I was going over the old papers and came across a plan for the joint living project for the sisters and brothers of Sardar Mamoo in Joharabad in the land that got allotted to Sardar mamoo and Rauf Mamoo. I distinctly remember that time in the mid 1970s (19775-76?) when Sardar Mamoo, Rauf Mamoo, Khaloo Jan, Khala Jan, and my mother would sit together in our F6/4 residence preparing the plans for settling in the farmland of Joharabad. There were at least two or three long meetings. I had discovered a typewritten plan which is difficult to read because it is fourth or fifth carbon copy, but I would try to get this plan transcribed and put here. The time spent planning for that ideal place in the large farmland where all sisters and brothers would be living in a village like community that has their houses spread around in a circle around a huge tree in the center serving as a place to meet together and spend the leisure time. I recall the visualization of their life there and their imagination as they imagined and discussed various challenges and their solutions. The brothers and sisters in a huddle letting their imagination freely flow and developing a wonderful world of imagination and serenity. They had put down those plans on the paper. During those trying times for each of the brothers and sisters, this imaginary world of Joharabad farm acted as an energy that provided them support and strength to overcome their respective challenges. There were health issues, financial issues, resource issues, family issues for which this discussion would provide them an idealistic aspiration to aim for and not give up.

As I recall that time around 1975 when Sardar Mamoo had come to stay with us for a few days and was having this discussion about Joharabad plans with his brother and sisters. At that time Sardar Mamoo had retired and settled in Hyderabad in his house that was under construction at that time and remained in that state for more than a decade later. He was losing his eye sight and had most probably come to Islamabad for getting his eye checked [at Christian Hospital in Taxila? Need to verify this].

See also: Imagination during Hard Times

This was also the time when he and Rauf Mamoo both were chain smokers.Their brand of cigarette was of the hard kind popular on the front to kill the stress and remain up; King Stork. Sardar Mamoo would light the next cigarette from the previous one.  Sardar Mamoo would typically have two cigarettes in his hands; as he smoked one, the second would be in waiting to be lighted by the first one. When the first ended and was thrown away the second would become the lighted one, and another would be in his fingers in the waiting.  My duty in Islamabad was to keep their stock of cigarettes replenished by running to the nearby markets, and if the particular brand was not available then to cycle to Aabpara to replenish the stock.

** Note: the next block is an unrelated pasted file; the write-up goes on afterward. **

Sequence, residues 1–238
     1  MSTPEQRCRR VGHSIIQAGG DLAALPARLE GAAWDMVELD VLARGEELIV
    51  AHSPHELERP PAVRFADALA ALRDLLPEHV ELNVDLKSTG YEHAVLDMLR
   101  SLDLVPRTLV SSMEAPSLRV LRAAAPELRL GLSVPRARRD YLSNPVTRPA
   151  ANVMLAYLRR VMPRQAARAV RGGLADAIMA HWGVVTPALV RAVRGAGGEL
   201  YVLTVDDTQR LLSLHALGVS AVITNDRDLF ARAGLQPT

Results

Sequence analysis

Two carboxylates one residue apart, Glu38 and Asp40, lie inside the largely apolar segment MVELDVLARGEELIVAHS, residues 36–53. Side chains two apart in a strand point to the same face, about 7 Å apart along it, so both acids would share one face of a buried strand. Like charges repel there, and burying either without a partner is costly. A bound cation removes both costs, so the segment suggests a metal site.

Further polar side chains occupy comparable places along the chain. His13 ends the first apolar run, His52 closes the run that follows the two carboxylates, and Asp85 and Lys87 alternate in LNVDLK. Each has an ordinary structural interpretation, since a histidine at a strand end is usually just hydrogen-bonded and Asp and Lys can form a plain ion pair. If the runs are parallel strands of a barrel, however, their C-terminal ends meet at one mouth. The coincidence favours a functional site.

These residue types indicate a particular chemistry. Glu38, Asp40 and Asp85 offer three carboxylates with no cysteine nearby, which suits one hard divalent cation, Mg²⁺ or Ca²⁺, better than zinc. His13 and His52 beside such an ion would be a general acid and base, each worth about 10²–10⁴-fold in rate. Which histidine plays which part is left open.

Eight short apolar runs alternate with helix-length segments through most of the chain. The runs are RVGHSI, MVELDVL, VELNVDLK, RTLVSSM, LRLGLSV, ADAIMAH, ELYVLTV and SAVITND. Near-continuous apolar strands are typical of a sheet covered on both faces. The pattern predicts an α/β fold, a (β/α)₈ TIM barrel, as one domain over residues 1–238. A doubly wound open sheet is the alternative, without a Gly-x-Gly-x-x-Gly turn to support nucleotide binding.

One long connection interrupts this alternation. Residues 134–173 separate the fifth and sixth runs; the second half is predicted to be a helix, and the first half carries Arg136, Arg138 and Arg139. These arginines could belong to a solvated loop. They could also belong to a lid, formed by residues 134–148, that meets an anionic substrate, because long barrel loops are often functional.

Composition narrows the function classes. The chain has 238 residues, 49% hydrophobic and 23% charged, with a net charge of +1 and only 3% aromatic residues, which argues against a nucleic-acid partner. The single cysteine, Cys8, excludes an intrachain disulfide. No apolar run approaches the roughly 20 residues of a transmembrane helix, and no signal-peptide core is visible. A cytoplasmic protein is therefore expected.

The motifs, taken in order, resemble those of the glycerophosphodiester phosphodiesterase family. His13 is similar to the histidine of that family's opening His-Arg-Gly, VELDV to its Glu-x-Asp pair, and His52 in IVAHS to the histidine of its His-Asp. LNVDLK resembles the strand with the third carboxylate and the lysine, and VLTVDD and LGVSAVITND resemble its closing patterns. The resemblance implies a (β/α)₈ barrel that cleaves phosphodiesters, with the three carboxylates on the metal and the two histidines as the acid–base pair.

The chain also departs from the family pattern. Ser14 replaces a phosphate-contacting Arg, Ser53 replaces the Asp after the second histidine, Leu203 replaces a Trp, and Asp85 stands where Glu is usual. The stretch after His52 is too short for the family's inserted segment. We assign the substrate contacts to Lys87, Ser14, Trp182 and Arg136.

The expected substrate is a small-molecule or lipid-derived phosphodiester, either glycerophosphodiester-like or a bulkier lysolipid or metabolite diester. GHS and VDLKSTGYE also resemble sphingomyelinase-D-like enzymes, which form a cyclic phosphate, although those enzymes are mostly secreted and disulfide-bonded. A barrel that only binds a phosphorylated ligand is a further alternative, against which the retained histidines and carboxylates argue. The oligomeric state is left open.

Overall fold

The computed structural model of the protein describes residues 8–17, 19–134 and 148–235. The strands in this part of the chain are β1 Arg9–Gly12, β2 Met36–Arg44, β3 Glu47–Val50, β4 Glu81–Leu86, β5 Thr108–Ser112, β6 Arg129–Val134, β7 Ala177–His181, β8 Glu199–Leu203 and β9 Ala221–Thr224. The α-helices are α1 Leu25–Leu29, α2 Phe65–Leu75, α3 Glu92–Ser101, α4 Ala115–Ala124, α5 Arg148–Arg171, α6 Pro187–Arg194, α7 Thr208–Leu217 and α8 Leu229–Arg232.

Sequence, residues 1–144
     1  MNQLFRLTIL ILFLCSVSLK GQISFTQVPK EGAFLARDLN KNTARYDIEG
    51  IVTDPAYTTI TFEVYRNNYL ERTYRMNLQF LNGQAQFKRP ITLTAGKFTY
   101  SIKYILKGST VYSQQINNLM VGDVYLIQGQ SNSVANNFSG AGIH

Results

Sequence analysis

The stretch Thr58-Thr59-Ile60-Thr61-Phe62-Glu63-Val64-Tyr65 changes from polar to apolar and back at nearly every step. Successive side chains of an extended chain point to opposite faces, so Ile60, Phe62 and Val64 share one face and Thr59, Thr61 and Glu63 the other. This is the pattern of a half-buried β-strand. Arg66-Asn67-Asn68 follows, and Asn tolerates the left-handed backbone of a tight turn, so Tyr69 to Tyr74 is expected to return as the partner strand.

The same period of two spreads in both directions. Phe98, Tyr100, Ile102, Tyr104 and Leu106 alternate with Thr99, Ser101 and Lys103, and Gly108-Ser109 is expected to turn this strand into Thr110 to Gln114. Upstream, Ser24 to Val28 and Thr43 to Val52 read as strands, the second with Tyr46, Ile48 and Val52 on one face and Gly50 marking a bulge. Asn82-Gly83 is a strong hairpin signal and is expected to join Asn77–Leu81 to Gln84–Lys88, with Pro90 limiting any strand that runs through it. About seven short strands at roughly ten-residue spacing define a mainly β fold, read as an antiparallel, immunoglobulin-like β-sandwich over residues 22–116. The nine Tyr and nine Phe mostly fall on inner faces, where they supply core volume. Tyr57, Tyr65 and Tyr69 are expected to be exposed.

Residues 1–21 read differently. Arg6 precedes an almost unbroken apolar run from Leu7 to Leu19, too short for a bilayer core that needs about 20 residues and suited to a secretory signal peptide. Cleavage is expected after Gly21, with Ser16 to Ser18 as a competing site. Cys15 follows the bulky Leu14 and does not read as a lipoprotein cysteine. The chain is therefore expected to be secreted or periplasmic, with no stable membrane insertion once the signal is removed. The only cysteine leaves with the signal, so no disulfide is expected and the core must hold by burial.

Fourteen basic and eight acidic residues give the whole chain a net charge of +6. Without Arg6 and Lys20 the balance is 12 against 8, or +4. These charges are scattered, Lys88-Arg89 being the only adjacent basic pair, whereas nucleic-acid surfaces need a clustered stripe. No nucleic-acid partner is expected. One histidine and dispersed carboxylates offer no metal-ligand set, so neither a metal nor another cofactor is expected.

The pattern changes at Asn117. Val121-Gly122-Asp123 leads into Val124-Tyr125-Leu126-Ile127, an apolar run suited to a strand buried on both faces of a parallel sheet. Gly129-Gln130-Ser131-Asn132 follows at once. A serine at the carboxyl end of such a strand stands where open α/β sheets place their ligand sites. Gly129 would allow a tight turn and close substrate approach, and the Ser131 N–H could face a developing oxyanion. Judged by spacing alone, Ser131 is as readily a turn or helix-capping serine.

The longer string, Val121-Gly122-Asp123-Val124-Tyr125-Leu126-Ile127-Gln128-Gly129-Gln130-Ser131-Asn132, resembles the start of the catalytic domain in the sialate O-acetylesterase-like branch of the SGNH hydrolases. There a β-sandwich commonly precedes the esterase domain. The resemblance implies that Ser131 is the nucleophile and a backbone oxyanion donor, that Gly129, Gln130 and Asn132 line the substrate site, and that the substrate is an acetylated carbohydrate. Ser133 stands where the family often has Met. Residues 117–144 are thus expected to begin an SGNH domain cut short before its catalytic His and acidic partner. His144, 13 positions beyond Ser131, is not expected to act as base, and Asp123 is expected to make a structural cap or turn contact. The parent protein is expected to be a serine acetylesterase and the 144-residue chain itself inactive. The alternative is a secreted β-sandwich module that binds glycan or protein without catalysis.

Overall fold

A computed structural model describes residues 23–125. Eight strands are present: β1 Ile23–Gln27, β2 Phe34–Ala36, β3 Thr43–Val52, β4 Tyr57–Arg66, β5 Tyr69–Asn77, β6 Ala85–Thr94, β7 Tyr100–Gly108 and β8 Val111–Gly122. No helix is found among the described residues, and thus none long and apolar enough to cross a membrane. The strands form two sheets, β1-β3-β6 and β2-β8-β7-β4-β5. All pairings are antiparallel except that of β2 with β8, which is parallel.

Spinning Reels for Fishing 

Sardar Mamoo said that he had been told that there are some good spinning reels for fishing available in Saddar. As he needed assistance because of his eyesight, I accompanied him. It was a great day that I spent with him and with some great learning. He bought four fishing spinning reels from a sports shop across the road behind Ceros Cinema in Saddar, Rawalpindi. I still remember their huge cost. I could not appreciate the luxury of buying the four reels each costing Rs 400 apiece. Please note that this was the time, when the pension of my father was around 1200 rupees.

I wondered how did he fish if he could not see. He said that he would reach the fishing point  on the bank of Phuleli Canal assisted by some one and would get himself comfortable in that place. He had four fishing rods, each one distinguished from the other by a bell attached with a distinctive chime. Whenever, a fish will take the bait from one, he would know from the sound which of the rods is having the activity. He would pick up  that fishing rod and would then use his instincts and experience to bring in the fish. From this description, I could surmise that his fishing effort was more than just a hobby and contributed to meeting several objectives. One, it would provide an opportunity to meditate alone in the wilderness. This must have had something to do with his sufi ancestry from Fareedi/Hussami silsala. His grandfather (nan) Shah Abdul Shakoor’s tomb in Manikpur still has an annual anniversary (urs) today. Second, fishing provided some good nourishing food on the table during those hard times. And, third he wanted to take his minds off from the complex adjustment issues following his retirement, deteriorating eyesight, increasing responsibilities of children’s medical education, and increasing social pressures.